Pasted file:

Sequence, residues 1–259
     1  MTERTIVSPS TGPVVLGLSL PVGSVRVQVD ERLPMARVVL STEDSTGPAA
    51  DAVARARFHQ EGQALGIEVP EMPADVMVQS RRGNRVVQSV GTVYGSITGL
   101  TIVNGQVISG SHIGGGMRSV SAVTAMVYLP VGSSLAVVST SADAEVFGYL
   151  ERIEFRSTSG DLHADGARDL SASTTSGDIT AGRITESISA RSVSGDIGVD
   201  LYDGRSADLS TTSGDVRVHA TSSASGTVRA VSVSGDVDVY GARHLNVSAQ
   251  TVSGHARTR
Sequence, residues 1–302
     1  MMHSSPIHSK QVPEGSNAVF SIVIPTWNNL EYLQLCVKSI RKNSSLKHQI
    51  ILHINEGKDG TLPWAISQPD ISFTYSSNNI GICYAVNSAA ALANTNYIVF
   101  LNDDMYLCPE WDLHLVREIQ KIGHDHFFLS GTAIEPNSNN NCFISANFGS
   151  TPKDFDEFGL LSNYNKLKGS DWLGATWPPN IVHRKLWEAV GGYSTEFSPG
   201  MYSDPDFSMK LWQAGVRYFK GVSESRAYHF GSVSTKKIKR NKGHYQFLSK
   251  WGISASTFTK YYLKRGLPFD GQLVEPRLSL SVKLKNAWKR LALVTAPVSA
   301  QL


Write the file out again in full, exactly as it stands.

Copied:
Sequence, residues 1–259
     1  MTERTIVSPS TGPVVLGLSL PVGSVRVQVD ERLPMARVVL STEDSTGPAA
    51  DAVARARFHQ EGQALGIEVP EMPADVMVQS RRGNRVVQSV GTVYGSITGL
   101  TIVNGQVISG SHIGGGMRSV SAVTAMVYLP VGSSLAVVST SADAEVFGYL
   151  ERIEFRSTSG DLHADGARDL SASTTSGDIT AGRITESISA RSVSGDIGVD
   201  LYDGRSADLS TTSGDVRVHA TSSASGTVRA VSVSGDVDVY GARHLNVSAQ
   251  TVSGHARTR
Sequence, residues 1–302
     1  MMHSSPIHSK QVPEGSNAVF SIVIPTWNNL EYLQLCVKSI RKNSSLKHQI
    51  ILHINEGKDG TLPWAISQPD ISFTYSSNNI GICYAVNSAA ALANTNYIVF
   101  LNDDMYLCPE WDLHLVREIQ KIGHDHFFLS GTAIEPNSNN NCFISANFGS
   151  TPKDFDEFGL LSNYNKLKGS DWLGATWPPN IVHRKLWEAV GGYSTEFSPG
   201  MYSDPDFSMK LWQAGVRYFK GVSESRAYHF GSVSTKKIKR NKGHYQFLSK
   251  WGISASTFTK YYLKRGLPFD GQLVEPRLSL SVKLKNAWKR LALVTAPVSA
   301  QL